75TH ANNIVERSARY OF RACIAL DESEGREGATION IN THE U.S. ARMED FORCES EXECUTIVE ORDER 9981:
R 301350Z JUN 23 MID120000269247U
FM CNO WASHINGTON DC
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SUBJ/75TH ANNIVERSARY OF RACIAL DESEGREGATION IN THE U.S. ARMED FORCES
EXECUTIVE ORDER 9981//
RMK/1. 26 July 2023 marks the 75th anniversary of racial desegregation in
the U.S. armed forces. On this date, President Harry S. Truman signed
Executive Order 9981 banning racial segregation, declaring equal treatment
"without regard to race, color, religion, or national origin." The order
required DoD civilian branch secretaries to implement this policy "as rapidly
as possible" and "effectuate any necessary change without impairing
efficiency or morale."
2. Executive Order 9981 also established the President's Committee on
Equality of Treatment and Opportunity in the Armed Services, demonstrating
the Truman administration's commitment to integrating African Americans into
the previously segregated military. Chaired by lawyer Charles Fahy, the
committee proposed recommendations and revisions to military regulations that
would promote integration, publishing its eighty-two-page report on 22 May
1950 entitled, Freedom to Serve: Equality of Treatment and Opportunity in the
3. Over two million African American men registered for the draft during
World War II, and more than one million received induction orders. Billets
available to Black men in the U.S. Navy, however, limited positions in
construction and ordnance battalions or as mess attendants and cooks. The
segregated military, the Committee reasoned, limited the assignments
available to African American men to shore installations with the Bureau of
Yards and Docks, in supply depots, ordnance stations, and harbor
craft. Thousands of Black women, too, responded to the call to service. In
December 1944, Harriet Pickens and Frances Wills became the first African
American Women Accepted for Volunteer Service (WAVES) officers.
4. Navy leadership supported racial desegregation. The Committee cited Navy
Circular Letter 48-46, which opened general service assignments as of 27
February 1946: "Effective immediately, all restrictions governing the types
of assignments for which Negro naval personnel are eligible are hereby
lifted. Henceforth, they shall be eligible for all types of assignments in
all ratings in all activities and all ships of the naval service. In the
utilization of housing, messing, and other facilities, no special or unusual
provisions will be made for the accommodations of Negroes." By 1949, for
example, Wesley A. Brown became the first African American to graduate from
the Naval Academy and Jesse L. Brown became the first Black naval aviator to
serve at sea.
5. While Truman's executive order integrated recruits based on race,
religion, and national origin, the policy did not reference women. The
Women's Armed Services Integration Act (WASIA) went into effect a month
before, which permanently institutionalized the integration of women in the
services by establishing for them a limited number of career opportunities in
the regular and reserve forces. The omission of women in Executive Order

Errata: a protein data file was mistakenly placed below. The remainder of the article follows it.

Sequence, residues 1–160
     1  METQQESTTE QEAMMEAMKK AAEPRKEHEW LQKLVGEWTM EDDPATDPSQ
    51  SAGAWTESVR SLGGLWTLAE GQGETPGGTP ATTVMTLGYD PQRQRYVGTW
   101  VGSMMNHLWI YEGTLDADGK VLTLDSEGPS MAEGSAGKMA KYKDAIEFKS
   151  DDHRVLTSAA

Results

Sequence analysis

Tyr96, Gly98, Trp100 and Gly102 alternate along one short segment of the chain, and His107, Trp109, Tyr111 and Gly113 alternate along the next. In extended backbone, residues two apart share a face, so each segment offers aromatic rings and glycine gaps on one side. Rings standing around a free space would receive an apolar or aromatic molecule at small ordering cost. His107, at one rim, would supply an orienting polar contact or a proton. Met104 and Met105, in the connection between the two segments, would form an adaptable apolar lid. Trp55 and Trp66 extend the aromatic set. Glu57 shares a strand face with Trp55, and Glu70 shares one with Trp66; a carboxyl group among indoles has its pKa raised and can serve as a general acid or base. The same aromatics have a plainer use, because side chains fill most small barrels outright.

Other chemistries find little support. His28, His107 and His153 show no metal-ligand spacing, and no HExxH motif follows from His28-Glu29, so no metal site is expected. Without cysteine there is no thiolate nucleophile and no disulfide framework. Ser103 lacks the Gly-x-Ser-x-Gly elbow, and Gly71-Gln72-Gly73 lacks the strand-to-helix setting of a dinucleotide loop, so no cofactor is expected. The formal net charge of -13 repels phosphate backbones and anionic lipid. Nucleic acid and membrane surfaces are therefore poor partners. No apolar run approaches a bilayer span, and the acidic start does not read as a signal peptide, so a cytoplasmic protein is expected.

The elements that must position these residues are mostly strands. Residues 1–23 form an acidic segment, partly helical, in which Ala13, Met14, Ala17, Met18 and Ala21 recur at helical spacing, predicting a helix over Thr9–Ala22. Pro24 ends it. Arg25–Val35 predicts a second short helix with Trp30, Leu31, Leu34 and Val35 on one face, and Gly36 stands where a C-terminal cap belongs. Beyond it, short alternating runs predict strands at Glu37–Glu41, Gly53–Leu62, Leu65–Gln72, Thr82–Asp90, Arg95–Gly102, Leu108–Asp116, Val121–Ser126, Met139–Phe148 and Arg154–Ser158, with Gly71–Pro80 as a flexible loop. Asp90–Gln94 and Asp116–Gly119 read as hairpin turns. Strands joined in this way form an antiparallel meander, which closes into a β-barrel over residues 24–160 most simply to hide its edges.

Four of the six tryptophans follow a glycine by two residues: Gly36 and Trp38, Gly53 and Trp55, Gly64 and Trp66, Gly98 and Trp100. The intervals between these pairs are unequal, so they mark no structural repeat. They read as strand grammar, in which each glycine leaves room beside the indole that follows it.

9981 meant that Black women had the additional burden of restricted billets
based on both sex and race.
6. Executive Order 9981 marked an effort toward full participation and
advancement for African Americans in the Military Services. Although it
would take time for full integration to occur, the policy showed the
government's interest in expanding the opportunities available to African
Americans. As we mark the 75th anniversary of the executive order, we
acknowledge the contributions of all African Americans who have served and
continue to serve in the U.S. Navy.
7. Mission. Recognize the impact desegregation had on opportunities for
people of color in the Navy and the progress the Navy has made since this
policy change in 1948.
8. Commander's Intent
a. Purpose. Commemorate the 75th Anniversary of Executive Order 9981.
b. Method. Command-centric execution of a coordinated Navy-wide
(1) Use available Navy outreach assets to maximum extent possible.
(2) Be guided by, and supportive of, the Navy's strategic messaging.
c. End State: The commemoration of racial desegregation becomes a standard
community outreach and Navy pride event for all Sailors, past and present.
a. Suggested online resources for this commemoration:
(1) Executive Order 9981 (Harry S. Truman Library and Museum)
(2) Freedom to Serve: Equality of Treatment and Opportunity in the
Armed Services (Harry S. Truman Library and Museum)
(3) Morris L. MacGregor, Jr., Integration of the Armed Forces,
1940-1965 (Washington, DC: Center for Military History, 2001).
(4) Executive Order 9981: Desegregation of the Armed Forces (1948)
(National Archives and Records Administration)
(5) Executive Order 9981, Desegregating the Military
(National Park Service)
(6) The African American Experience in the U.S. Navy (NHHC)
(7) "We Made it, Friend": The First African American Female
Officers in the U.S. Navy (The National WWII Museum)
(8) Asian Americans and Pacific Islanders in the U.S. Navy (NHHC)
(9) Hispanic Americans in the U.S. Navy (NHHC)
(10) Contributions of Indigenous Americans to the U.S. Navy:
Serving the Nation Since Its Birth (NHHC)
b. Public Affairs Guidance: This is an active public affairs posture event.
10. Point of contact. NHHC POC is James Slater, email@example.com;
NHHC main number: (202) 433-1426.
11. Released by Mr. Andrew S. Haeuptle, Director, Navy Staff.